Explain these 2 Redline characteristics: Oxidation and TBN

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Both values seem to be unusually elevated for this oil. Do these numbers decline with long term usage? Per Note* Both Redline and Royal Purple web sites say that there proprietary oil chemistries need multiple oil changes for cleaning affects (wear values) to stablilize.
 
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quote:
Originally posted by outrun: Both values seem to be unusually elevated for this oil. Do these numbers decline with long term usage?
Are you asking if the oil oxidises less and TBN retention gets better over time ? Both Redline and Royal Purple web sites say that there proprietary oil chemistries need multiple oil changes for cleaning affects Mobil Supersyn literature say's something to this effect as well . [ April 06, 2004, 06:29 AM: Message edited by: Motorbike ]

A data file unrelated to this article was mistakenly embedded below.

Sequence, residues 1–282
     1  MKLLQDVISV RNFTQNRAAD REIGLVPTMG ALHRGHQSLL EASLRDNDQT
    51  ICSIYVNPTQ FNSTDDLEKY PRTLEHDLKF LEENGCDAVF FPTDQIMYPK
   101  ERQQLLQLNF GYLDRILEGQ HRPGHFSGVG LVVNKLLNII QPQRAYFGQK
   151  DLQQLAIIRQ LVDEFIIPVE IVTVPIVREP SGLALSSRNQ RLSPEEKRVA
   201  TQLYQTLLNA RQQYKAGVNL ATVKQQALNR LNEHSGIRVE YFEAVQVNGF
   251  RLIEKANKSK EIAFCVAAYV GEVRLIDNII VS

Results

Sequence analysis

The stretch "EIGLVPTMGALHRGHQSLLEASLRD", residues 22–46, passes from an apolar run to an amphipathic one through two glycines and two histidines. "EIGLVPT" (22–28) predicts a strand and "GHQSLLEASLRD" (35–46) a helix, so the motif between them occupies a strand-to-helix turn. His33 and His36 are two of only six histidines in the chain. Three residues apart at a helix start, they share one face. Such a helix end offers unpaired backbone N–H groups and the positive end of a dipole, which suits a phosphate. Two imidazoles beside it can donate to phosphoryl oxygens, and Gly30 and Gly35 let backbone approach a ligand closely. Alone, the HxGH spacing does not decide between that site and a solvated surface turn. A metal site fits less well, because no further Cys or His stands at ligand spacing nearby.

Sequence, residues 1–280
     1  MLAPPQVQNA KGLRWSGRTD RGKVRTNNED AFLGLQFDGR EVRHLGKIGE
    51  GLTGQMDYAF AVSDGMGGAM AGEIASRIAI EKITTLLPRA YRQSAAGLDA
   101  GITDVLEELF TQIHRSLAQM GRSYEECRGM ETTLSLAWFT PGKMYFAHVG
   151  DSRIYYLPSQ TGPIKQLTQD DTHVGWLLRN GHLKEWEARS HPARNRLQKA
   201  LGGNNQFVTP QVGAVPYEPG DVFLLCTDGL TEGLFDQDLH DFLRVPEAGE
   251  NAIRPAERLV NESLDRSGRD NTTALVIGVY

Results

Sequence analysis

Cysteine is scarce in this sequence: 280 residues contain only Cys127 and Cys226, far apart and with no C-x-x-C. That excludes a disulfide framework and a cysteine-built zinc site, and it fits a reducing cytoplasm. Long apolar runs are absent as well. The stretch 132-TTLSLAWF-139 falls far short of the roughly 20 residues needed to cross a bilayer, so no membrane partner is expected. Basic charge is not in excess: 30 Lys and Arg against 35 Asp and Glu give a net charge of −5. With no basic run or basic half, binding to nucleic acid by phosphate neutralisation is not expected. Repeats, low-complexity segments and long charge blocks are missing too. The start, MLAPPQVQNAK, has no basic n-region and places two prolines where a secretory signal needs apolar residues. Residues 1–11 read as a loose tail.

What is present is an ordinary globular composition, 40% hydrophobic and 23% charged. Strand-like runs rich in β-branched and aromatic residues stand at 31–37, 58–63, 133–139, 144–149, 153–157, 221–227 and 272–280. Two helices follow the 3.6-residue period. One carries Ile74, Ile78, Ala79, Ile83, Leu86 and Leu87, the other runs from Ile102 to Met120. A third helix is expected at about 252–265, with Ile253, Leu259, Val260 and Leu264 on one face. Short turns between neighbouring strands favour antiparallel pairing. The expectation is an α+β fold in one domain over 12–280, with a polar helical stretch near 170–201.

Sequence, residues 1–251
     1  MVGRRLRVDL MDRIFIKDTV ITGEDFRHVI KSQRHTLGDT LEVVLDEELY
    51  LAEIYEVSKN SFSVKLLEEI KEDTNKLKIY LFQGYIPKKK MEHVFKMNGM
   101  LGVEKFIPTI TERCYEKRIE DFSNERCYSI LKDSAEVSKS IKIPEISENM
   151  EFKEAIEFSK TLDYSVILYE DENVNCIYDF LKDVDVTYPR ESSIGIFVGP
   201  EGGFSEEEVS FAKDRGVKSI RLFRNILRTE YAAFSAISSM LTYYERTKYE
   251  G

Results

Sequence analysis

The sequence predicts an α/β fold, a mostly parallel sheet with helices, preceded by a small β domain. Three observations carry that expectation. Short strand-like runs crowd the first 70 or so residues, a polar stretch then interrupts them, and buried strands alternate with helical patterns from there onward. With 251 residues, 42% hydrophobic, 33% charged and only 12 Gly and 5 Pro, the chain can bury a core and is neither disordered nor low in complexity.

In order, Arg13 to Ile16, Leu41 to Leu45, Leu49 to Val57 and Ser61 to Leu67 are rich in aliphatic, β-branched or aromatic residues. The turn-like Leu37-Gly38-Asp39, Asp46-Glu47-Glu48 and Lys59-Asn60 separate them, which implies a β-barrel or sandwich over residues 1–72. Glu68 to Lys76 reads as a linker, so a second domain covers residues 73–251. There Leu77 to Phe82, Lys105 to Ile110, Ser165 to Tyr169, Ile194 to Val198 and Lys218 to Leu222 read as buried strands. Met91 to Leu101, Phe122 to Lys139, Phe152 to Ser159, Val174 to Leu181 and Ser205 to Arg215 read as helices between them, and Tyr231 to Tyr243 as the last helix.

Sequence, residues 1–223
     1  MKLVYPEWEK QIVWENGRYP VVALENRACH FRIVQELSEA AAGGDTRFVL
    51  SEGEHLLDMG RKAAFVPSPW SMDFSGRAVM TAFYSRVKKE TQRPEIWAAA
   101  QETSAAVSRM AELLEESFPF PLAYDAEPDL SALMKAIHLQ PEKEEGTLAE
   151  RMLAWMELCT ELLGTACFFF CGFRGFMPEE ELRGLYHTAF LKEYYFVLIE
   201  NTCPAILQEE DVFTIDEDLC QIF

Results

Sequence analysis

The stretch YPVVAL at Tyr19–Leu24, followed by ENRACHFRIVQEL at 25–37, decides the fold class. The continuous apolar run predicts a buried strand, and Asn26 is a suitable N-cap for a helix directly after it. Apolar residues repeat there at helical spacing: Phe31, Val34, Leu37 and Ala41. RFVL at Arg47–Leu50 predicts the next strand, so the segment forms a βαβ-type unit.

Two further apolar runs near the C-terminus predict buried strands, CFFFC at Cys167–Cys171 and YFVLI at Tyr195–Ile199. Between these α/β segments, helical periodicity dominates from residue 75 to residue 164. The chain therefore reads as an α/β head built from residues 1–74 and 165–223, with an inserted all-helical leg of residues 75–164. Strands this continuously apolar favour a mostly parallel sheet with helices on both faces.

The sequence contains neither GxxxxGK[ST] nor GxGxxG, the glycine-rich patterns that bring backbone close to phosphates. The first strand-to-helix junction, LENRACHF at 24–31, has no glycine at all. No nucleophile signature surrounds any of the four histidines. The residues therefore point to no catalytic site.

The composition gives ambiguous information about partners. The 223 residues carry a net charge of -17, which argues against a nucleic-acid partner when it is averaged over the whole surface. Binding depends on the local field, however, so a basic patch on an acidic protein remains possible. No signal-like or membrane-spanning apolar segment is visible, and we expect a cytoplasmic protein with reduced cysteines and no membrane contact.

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Oil oxidation is quantified by using Fourier Transform Infared Spectroscopy or "FTIR" and looking for the presence of carbon-oxygen double bonds, called "carbonyl" groups. The three major species formed by oxidation - Aldehydes,Hydroperoxides and Carboxylic acids, all contain these carbonyl groups. This class of compounds will typically absorb infared light in the 1740 abs/cm region. By looking at the amplitude of the peak in that wavelength, the extend of oxidation can be determined. Lubes such as Redline and the Series 2000/3000 formulations can generate inaccurate FTIR data, unless the machine has been specifically calibrated with an unused sample of the oil. I speculate what's happening is an ester component of the basestock blend is absorbing light in the 1700-1800 abs/cm range and throwing off the FTIR calibration. The best way to tell if the oxidation # is real is to look at changes in viscosity and TBN. If viscosity is close to the baseline value and the TBN is high, then a high Ox # is mainly calibration error. As an informational note, the by-products of nitration absorb infared light in the 1600-1640 abs/cm range, so the extent of nitration can also be quantified using FTIR. Both oxidation/nitration are "inversely proportional" to TBN, ie as they increase the TBN drops .... TS
 
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